A Look at Brakes
Remanufactured brakes shoes play an important role in the commercial vehicle aftermarket.
Remanufacturing is a vital part of the truck parts aftermarket. Truck Parts & Service is launching a year-long series on the subject of remanufacturing. We kick off the series with an exclusive interview with Doug Wolma, general manager remanufacturing (aftermarket) for Meritor.
TPS: Are there any new developments in the area of brake remanufacturing?
Wolma: We all need to continue to improve on the coating process. That is what everybody needs to continue to be focused on.
Another item that comes to mind is with the influx of very inexpensive steel coming from low cost countries it continues to be a significant challenge to keep the remanufactured shoe costs at a level that can be competitive. And we won’t talk about quality here, but strictly on price those low cost countries can produce brake shoes very economically.
One of the things that those of us in the brake shoe reman business have to continue to do is develop core recovery processes, salvaging shoes, creating shoes that are in specification instead of scraping them.
Shoes that we maybe historically scrapped we are looking at today and saying, “How do we recover these? How do we repair them? How do we create a shoe that meets original specifications so we don’t have to buy new to supplement or so our costs don’t continue to creep up?”
Thing like table corrosion is always one of the biggest issues that causes you to scrap brake shoes. One of the things we are evaluating is how can we cost effectively remove the table from a core shoe and use the webs from the core shoe and attach them to a new table.
TPS: How does a remanufactured brake fit into a distributor’s parts strategy?
Wolma: We have a triangle and at the very top of the triangle is warranty replacement, it is new part replacement, it is high cost part replacement.
When you start getting into the bottom two parts of that triangle you are talking about distributor work. Those are components and parts that need to have some cost competitiveness to them.
Vehicles in that part of the triangle are getting older and their value is a little bit lower. It does not make economic sense to put on components that are very, very high value. As vehicles get older that is when guys are looking for lower costs components, and remanufactured component is your opportunity to get a very high-quality part for a lower cost to keep your cost of ownership and maintenance down.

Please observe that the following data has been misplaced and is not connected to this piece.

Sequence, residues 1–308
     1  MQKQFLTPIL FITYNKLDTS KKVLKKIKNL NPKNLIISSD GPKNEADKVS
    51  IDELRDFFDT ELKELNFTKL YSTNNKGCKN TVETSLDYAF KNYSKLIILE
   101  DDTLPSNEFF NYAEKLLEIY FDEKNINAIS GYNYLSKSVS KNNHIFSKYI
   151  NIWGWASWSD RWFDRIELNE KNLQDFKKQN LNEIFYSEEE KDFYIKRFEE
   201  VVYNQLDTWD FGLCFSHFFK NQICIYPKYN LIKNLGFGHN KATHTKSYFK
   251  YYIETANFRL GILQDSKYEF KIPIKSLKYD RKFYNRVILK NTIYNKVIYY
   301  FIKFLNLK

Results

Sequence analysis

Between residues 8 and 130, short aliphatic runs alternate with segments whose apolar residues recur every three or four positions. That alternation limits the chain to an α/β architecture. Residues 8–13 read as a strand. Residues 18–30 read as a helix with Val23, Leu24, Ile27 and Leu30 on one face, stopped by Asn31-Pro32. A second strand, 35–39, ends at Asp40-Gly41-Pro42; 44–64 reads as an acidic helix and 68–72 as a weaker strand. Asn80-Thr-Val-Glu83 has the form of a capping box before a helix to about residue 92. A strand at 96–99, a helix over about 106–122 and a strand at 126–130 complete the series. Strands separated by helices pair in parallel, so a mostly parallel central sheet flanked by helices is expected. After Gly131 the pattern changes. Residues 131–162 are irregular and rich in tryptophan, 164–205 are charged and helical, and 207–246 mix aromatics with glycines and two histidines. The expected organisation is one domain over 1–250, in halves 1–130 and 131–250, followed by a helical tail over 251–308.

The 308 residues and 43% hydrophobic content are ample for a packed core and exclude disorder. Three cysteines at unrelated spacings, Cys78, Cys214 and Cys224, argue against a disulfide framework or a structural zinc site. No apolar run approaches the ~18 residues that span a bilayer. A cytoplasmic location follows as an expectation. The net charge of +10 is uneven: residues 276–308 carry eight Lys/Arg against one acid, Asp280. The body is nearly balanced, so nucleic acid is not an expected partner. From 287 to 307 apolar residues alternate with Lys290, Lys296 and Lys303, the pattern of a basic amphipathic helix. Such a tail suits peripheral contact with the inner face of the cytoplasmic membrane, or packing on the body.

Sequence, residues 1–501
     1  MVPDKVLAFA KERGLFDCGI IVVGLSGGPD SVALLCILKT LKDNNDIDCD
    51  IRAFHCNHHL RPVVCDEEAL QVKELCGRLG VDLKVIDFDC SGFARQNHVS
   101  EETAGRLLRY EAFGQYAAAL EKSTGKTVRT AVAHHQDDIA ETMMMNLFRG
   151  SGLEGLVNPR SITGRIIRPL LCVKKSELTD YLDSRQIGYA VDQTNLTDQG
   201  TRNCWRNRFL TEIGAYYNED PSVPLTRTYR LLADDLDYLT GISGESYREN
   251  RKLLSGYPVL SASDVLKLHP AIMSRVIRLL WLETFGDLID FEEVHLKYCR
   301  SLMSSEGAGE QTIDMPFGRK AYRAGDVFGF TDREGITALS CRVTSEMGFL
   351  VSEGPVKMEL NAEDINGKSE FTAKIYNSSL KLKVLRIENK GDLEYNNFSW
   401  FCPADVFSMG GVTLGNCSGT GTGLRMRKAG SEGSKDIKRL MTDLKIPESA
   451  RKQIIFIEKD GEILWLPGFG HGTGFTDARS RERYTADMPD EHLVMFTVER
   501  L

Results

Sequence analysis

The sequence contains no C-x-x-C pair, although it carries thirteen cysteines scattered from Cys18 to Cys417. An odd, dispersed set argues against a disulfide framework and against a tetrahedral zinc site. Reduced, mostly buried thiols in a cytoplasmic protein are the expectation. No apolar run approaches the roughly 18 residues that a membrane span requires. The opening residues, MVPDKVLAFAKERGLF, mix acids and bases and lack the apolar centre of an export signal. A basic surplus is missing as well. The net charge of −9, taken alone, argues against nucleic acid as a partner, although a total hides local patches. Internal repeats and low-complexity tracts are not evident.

I don’t think remanufacturing fills a niche. Remanufacturing fills a significant portion of the aftermarket need because there are so many trucks on the road that have aged, where it just does not make sense to use new components. Remanufacturing has got to fill that void.
TPS: With the age of the nation’s truck fleet higher than it has been for some time, does that present opportunities for reman?
Wolma: As truck fleets age, you are looking for the lowest cost component to maintain those trucks and remanufacturing provides that. Today you are getting a remanufactured part that is going to last the same life as the new and you are getting a lot better quality than a new product coming from offshore in a lot of cases.
TPS: Is there going to be any impact on remanufacturing when the new stopping distance regulations are finalized?
Wolma: No, because the reduced stopping distance is all related to the friction material. We reline shoes with new friction material so there really is no impact.
However, one thing that is yet to be completely be understood is does this reduced stopping distance cause friction to wear quicker than the current friction that is out on the road.
And if that is the case, that is going to drive a higher aftermarket demand for shoes and obviously therefore a higher demand for reman shoes. But that is a question mark at this point. We will have to see how that develops.